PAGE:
One of the more troublesome trends in recent years has been the increasing willingness of lawmakers and regulators to try to impose liability on corporate officials without regard for the requirements of the corporate form and even without reference to whether the officials are culpable in any way. (Refer here for my most recent discussion of these concerns).


The theoretical basis for these efforts to impose liability on corporate officials often is the “responsible corporate officer” doctrine (sometimes referred to as the Park doctrine in reference to the U.S. Supreme Court case in which the doctrine was first recognized by the Court). As discussed at greater length here, under this doctrine, senior corporate officials can be held responsible for the corporation’s legal violations not because they are “responsible” for the violation but because they are “responsible” for the corporation.


An October 29, 2013 New York Times article entitled “Buckyball Recall Stirs a Wider Legal Campaign” (here) describes the latest attempt to use this doctrine to impose personal liability on corporate officials for alleged legal violations of their company. The article describes an action being pursued by the federal Consumer Product Safety Commission to require a product recall by Maxfield & Oberton, the manufacturer of Buckyballs, which are tiny magnetic stacking balls. The agency declared the balls to be a swallowing hazard to young children and filed an administrative action against the company to require a recall.


The company challenged the recall order, arguing among other things that packaging labels clearly warned that the product is unsafe for children. The company went out of business last December, citing the costs associated with the recall dispute. At that point, lawyers for the CFPC “took the highly unusual step of adding the chief executive of the dissolved firm, Craig Zucker, as a respondent, arguing that he controlled the company’s activities.” Zucker claims that the action could “ultimately make him personally responsible for the estimated recall costs of $57 million.”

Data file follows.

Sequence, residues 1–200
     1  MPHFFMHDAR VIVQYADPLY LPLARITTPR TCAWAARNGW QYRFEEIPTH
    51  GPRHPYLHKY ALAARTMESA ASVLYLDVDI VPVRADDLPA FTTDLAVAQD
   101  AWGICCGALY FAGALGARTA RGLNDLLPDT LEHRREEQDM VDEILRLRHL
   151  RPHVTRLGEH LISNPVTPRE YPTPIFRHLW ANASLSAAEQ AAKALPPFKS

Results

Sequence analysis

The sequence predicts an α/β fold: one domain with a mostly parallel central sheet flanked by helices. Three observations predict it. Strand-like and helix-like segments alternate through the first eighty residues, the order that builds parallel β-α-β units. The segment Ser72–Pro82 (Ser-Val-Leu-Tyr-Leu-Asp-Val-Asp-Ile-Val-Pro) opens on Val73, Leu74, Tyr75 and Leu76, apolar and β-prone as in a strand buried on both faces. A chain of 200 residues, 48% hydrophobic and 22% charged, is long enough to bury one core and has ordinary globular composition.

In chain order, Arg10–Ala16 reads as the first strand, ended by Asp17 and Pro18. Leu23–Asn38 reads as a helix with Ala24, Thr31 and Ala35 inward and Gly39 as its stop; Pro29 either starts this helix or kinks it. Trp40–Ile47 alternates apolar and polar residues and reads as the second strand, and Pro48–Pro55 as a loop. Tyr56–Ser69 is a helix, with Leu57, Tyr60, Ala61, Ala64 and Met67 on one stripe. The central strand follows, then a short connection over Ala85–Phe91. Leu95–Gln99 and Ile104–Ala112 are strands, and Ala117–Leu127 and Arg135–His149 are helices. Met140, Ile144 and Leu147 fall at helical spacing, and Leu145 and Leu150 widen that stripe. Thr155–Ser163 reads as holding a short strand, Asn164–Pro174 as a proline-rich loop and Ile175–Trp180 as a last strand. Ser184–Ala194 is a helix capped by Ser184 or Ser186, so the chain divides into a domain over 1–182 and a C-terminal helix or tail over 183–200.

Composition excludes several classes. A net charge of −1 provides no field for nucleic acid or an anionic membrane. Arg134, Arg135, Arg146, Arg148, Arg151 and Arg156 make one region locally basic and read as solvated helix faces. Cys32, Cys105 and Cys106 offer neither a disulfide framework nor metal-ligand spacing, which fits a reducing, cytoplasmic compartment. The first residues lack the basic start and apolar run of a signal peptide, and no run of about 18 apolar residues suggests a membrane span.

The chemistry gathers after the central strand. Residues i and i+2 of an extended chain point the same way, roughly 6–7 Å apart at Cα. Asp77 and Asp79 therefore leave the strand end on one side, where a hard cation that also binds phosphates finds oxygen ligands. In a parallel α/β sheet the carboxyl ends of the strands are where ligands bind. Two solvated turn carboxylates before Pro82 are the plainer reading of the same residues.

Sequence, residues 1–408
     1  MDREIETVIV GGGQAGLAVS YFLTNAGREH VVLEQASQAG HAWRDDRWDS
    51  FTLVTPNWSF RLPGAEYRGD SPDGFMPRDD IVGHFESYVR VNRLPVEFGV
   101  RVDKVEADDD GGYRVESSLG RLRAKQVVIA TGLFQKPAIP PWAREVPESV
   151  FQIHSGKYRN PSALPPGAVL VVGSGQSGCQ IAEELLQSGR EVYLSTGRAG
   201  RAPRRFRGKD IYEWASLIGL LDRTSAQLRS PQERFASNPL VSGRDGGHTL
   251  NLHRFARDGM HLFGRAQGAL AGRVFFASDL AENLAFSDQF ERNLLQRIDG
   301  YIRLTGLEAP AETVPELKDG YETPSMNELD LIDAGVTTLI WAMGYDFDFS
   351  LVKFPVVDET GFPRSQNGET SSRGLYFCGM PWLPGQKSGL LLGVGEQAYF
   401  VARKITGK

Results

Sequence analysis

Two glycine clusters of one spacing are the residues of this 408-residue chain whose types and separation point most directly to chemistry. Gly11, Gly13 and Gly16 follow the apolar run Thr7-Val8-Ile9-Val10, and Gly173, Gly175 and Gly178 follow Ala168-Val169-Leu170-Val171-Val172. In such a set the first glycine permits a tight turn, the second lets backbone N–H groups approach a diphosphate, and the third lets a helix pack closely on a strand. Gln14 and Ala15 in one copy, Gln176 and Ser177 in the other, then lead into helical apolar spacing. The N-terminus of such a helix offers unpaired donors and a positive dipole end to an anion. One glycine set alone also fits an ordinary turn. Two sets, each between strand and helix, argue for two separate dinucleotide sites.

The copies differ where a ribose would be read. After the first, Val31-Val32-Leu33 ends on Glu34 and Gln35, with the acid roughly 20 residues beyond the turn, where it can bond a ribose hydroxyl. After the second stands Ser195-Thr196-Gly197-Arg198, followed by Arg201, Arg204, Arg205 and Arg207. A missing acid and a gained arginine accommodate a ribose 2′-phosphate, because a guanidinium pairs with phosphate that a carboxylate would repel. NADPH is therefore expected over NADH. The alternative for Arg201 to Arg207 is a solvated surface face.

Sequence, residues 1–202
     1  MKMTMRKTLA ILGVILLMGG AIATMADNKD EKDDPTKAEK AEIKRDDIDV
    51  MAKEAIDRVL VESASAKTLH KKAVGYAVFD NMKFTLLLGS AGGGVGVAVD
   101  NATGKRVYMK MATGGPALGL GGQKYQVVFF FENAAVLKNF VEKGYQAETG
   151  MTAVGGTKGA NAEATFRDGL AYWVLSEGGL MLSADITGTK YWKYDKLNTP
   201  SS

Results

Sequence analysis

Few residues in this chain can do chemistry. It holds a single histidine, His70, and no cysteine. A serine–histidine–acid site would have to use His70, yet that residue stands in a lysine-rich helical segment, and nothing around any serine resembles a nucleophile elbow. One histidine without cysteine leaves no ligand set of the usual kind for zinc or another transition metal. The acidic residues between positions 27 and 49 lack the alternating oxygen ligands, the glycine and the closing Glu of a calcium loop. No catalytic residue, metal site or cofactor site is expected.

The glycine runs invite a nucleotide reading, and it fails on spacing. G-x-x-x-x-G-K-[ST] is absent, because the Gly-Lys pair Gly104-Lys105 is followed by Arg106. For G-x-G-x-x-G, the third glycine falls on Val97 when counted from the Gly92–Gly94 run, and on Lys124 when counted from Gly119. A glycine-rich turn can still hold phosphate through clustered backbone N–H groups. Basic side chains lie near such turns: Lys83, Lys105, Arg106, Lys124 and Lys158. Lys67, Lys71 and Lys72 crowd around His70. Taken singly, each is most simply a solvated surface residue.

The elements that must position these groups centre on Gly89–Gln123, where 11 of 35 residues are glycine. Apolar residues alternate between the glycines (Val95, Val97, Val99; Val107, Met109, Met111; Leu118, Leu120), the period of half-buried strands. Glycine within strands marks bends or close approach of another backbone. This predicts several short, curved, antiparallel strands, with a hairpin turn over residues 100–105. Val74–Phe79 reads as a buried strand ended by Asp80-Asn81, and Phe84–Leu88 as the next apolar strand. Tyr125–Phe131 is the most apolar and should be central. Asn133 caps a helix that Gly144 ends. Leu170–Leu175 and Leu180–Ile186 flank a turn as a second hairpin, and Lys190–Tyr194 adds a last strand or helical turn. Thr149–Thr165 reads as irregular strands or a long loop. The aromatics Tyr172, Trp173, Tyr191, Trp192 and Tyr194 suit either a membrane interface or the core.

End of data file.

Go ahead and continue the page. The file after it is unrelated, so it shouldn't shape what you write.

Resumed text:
The basis of the Commission’s action against Zucker is the “responsible corporate officer” doctrine. But while this doctrine is well established in many contexts, the Commission’s use of the doctrine in the recall proceeding arguably is unprecedented. The Times article cites unnamed “experts” who “say its use is virtually unheard-of in an administrative action where no violations of the law or regulations are claimed.” The article also cites a spokesman for the Commission as saying that the Commission “had never used it in a recall action,” without specifying why it was being used in this case.


The Times article reports that a number of business groups, including the National Association of Manufacturers, the National Retail Federation and the Retail Industry Leaders Association, had come together to urge the administrative law judge reviewing the recall case to drop Zucker from the action. However, to this point the ALJ has declined to drop the case against Zucker.


Along with these industry organizations, I have serious concerns about the Commission’s use of the responsible corporate officer doctrine in an administrative proceeding and without regard to whether Zucker himself is alleged to have violated law or regulations. I want to make it clear that my concerns in this regard having nothing to do (either way) with merits of the Commission’s recall action against the company. In that regard, the article describes the concerns that had led the Commission to seek to recall the Buckyballs. The Commission apparaently has reports of 1,700 emergency room visits involving children that had swallowed Buckyballs, and a spokesman for the Commission quoted in the article explaining the recall action said that the agency was concerned that “we did not see progress on safety to children” and that “the labels were not effective.”